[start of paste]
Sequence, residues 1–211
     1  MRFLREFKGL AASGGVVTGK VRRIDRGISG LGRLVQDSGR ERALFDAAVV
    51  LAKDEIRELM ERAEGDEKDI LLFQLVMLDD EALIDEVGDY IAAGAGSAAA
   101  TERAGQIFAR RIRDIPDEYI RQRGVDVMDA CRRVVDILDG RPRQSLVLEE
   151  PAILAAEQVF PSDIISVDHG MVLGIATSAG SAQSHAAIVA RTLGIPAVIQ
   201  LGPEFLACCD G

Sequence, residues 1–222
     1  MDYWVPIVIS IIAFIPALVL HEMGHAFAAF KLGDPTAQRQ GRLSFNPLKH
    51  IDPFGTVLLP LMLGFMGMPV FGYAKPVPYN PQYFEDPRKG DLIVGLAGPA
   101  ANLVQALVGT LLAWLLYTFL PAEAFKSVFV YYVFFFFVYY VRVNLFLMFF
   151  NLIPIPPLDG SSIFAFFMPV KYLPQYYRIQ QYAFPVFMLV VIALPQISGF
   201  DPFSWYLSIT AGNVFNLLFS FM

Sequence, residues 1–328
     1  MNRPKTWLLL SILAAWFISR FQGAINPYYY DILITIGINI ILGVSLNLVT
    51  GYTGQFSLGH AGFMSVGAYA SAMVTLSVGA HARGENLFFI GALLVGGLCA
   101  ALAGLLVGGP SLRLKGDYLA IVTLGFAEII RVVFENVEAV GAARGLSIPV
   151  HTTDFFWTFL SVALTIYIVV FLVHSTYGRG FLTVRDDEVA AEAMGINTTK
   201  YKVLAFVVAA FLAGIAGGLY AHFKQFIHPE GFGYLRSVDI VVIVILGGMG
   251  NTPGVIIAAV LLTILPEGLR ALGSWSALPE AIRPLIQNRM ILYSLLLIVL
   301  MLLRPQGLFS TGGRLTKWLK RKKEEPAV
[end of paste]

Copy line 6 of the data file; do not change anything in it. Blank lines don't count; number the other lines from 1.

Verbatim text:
   201  LGPEFLACCD G